Mexico News and Analysis: September 27 - October 3, 2010

1 - CALDERON PLANS NEW FEDERAL POLICE FORCE
2 - "TOURIST ABDUCTION" IS PROBABLY FIGHT BETWEEN RIVAL GANGS
3 - TELEVISA-NEXTEL ALLIANCE WINS NEW BANDWIDTH

1 - CALDERON PLANS NEW FEDERAL POLICE FORCE
In coming weeks, the Calderon administration will introduce a new plan that would virtually do away with the nation's 2,200 local police departments, replacing them with a "unified command."  The Army and Marines are already widely involved in police work and federal police have already replaced some of the most corrupt local police forces, but violence is increasing, particularly along the US border where rival cartels are battling for control of lucrative transshipment routes.  Local police throughout Mexico are notorious for corruption, both petty and grand, and are often controlled by corrupt local officials or infiltrated by drug cartels.  Calderon's plan would standardize training regimes and place officers under one unified command answering to both state and federal authorities.  But given corruption in the armed forces and among current federal police plus rampant corruption in state political machines, particularly in the north, it is doubtful that a new force would resolve current problems.  The existing federal police force, which expanded from 6,000 to 30,000 officers under Calderon, lost one-tenth of their officers this year, fired for corruption.  Drug cartels spend as much as US$9 billion per year, about a third of estimated income, buying politicians and police.  And when officials won't accept bribes or are already on the payroll of another cartel, they are often murdered, as evidenced by the recent deaths of eleven mayors.  Currently Calderon is utilizing the Army and Marines to carry out policing, particularly in border states, but troops have no training in law enforcement and have come under harsh criticism for widespread human rights abuses, including unlawful killings, torture, and illegal home invasions.  The new force is expected to cost US$2.4 billion next year.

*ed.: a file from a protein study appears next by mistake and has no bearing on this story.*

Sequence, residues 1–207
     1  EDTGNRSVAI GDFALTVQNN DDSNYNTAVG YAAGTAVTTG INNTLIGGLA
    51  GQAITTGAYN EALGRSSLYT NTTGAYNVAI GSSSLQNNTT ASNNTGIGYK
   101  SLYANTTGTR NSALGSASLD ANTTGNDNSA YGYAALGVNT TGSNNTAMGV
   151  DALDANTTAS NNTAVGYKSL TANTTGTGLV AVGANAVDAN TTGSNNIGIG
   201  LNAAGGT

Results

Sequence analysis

2 - "TOURIST ABDUCTION" IS PROBABLY FIGHT BETWEEN RIVAL GANGS
A widely reported kidnapping of 20 "tourists" in Acapulco is likely related to a struggle between two drug cartels for control of territory, according to the state office of the attorney general.  The tourist group consisted of 20 men, all supposedly mechanics on holiday from the neighboring state of Michoacan, home of La Familia, one of Mexico's most violent cartels.  The only witness to the abduction was a man traveling with the group, who has since disappeared.  The abduction was widely reported in the international press.

3 - TELEVISA-NEXTEL ALLIANCE WINS NEW BANDWIDTH
Televisa and Nextel will take control this week of a huge chunk of electromagnetic spectrum after winning a controversial auction in July.  Competitors Telcel and Telefonica, who paid US$400 million for a similar slice of the spectrum in the same auction, mounted several court challenges against Televisa-Nextel after they won with the minimum bid of US$14.1 million.  Opposition parties condemned the auction results as an example of the PAN currying favor with Televisa in anticipation of presidential elections in 2012.  Televisa, Mexico's largest television conglomerate, committed to buying 30% of Nextel Mexico for US$1.44 billion after obtaining the license for the new spectrum, though it appears now that the media giant may be trying to renegotiate the terms.